David Bourget (Western Ontario)
David Chalmers (ANU, NYU)
Rafael De Clercq
Jack Alan Reynolds
Learn more about PhilPapers
Studies in Philosophy and Education 31 (2):109-122 (2012)
Education is oftentimes understood as a deeply ethical practice for the development of the person. Alternatively, education is construed as a state-enforced apparatus for inculcation of specific codes, conventions, beliefs, and norms about social and political practices. Though holding both of these beliefs about education is not necessarily mutually contradictory, a definite tension emerges when one attempts to articulate a cogent theory involving both. I will argue in this paper that Habermas’s theory of discourse ethics, when combined with his statements on constitutional democracy and law, manifests this tension for formal education. Through a contrast with Dewey’s social-liberal view of education on the one hand, and the procedural liberalism and its associated view of education, common to Rawls and others writing in the contemporary Anglo-American tradition on the other, the questions of what this means for education and why it matters are raised and addressed
|Keywords||Jurgen Habermas John Rawls John Dewey Liberalism Democratic education|
|Categories||categorize this paper)|
Setup an account with your affiliations in order to access resources via your University's proxy server
Configure custom proxy (use this if your affiliation does not provide a proxy)
|Through your library|
References found in this work BETA
John Rawls (1971/2005). A Theory of Justice. Harvard University Press.
John Rawls (1999). The Law of Peoples. Harvard University Press.
Jürgen Habermas (1998). Between Facts and Norms: Contributions to a Discourse Theory of Law and Democracy. The MIT Press.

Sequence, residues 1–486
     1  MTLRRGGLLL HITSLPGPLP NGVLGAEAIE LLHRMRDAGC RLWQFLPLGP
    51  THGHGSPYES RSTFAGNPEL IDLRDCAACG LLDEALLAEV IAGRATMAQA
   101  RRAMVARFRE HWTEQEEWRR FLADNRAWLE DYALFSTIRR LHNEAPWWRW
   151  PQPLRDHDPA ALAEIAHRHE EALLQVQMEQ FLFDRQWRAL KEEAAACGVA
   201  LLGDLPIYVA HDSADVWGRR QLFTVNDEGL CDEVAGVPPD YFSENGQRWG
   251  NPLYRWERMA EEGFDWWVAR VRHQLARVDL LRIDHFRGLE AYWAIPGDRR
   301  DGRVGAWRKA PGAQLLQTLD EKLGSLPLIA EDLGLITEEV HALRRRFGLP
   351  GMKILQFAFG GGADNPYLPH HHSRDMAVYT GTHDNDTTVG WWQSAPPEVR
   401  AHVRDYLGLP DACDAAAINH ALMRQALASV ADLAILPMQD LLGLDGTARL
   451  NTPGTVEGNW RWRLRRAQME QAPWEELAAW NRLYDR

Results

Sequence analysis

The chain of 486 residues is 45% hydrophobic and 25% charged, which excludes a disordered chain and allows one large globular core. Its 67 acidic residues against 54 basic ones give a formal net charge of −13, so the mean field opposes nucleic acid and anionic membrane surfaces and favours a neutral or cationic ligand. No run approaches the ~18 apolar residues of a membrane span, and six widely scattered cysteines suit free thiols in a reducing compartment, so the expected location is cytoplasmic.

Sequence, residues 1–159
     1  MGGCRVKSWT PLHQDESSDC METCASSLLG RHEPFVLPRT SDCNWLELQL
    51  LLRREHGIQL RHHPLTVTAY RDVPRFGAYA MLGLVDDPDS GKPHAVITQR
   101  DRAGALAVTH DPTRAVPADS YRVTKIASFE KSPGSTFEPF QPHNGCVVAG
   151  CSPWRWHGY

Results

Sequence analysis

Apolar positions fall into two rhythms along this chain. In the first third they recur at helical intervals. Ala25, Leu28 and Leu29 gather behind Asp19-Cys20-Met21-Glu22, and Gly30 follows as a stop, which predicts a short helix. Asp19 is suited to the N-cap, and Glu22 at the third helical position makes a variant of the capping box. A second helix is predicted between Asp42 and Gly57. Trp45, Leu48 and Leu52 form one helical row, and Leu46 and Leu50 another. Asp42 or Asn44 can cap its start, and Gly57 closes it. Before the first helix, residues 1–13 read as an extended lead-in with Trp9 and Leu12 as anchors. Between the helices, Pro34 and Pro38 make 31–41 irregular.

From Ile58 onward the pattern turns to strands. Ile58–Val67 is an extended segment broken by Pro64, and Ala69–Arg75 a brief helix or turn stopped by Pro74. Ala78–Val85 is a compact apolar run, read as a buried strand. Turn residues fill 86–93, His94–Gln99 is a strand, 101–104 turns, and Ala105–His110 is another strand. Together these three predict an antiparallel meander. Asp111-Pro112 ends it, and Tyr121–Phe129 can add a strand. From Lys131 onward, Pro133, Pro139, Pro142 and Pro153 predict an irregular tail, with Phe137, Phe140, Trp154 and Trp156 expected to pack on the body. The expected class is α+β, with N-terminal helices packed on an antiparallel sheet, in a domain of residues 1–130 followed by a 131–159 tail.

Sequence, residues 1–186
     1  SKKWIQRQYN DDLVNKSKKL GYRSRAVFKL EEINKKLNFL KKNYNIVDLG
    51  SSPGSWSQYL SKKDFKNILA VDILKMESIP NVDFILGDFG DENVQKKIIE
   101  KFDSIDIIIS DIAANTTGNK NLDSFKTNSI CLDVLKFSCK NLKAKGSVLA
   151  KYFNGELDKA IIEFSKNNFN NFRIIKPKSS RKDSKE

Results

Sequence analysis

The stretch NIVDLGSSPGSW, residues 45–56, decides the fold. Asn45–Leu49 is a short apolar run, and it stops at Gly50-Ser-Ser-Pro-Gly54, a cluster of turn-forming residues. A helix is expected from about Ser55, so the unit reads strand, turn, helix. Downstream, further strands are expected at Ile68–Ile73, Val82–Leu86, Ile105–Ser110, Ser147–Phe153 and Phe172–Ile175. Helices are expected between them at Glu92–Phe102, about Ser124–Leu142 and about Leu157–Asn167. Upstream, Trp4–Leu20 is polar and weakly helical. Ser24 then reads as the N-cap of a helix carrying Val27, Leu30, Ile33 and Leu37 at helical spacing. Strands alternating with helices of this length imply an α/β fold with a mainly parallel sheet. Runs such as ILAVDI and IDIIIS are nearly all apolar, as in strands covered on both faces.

John Rawls (2009/2005). A Theory of Justice. In Steven M. Cahn (ed.), Philosophy and Rhetoric. Oxford University Press 133-135.
Citations of this work BETA
No citations found.
Similar books and articles
Eric Thomas Weber (2008). Dewey and Rawls on Education. Human Studies 31 (4):361 - 382.
Lee Benson (2007). Dewey's Dream: Universities and Democracies in an Age of Education Reform: Civil Society, Public Schools, and Democratic Citizenship. Temple University Press.
J. Pedersen (2012). Justification and Application: The Revival of the Rawls-Habermas Debate. Philosophy of the Social Sciences 42 (3):399-432.
William Hayes (2006). The Progressive Education Movement: Is It Still a Factor in Today's Schools? Rowman & Littlefield Education.
Steven K. Wojcikiewicz (2010). Dewey, Peirce, and the Categories of Learning. Education and Culture 26 (2):65-82.
M. R. Buxarrais, M. Martinez, J. M. Puig & J. Trilla (1994). Moral Education in the Spanish Educational System. Journal of Moral Education 23 (1):39-59.
Jürgen Oelkers (2000). Democracy and Education: About the Future of a Problem. Studies in Philosophy and Education 19 (1):3-19.
Maughn Gregory & David Granger (2012). Introduction: John Dewey on Philosophy and Childhood. Education and Culture 28 (2):1-25.
Lovisa Bergdahl (2009). Lost in Translation: On the Untranslatable and its Ethical Implications for Religious Pluralism. Journal of Philosophy of Education 43 (1):31-44.
Jeanne Pietig (1977). John Dewey and Character Education. Journal of Moral Education 6 (3):170-180.
John R. Wright (2002). Conflicts of Value and the Political Ideal of Citizenship. Social Philosophy Today 18:167-181.
Murray Print (2007). Citizenship Education and Youth Participation in Democracy. British Journal of Educational Studies 55 (3):325 - 345.
Barry Bull (2010). Policy Implications of Social Justice in Education. Ethics and Education 4 (2):141-152.
Ger Snik & Johan De Jong (1995). Liberalism and Denominational Schools. Journal of Moral Education 24 (4):395-407.
Added to index2011-10-19
Total downloads17 ( #156,793 of 1,724,878 )
Recent downloads (6 months)1 ( #349,126 of 1,724,878 )
How can I increase my downloads?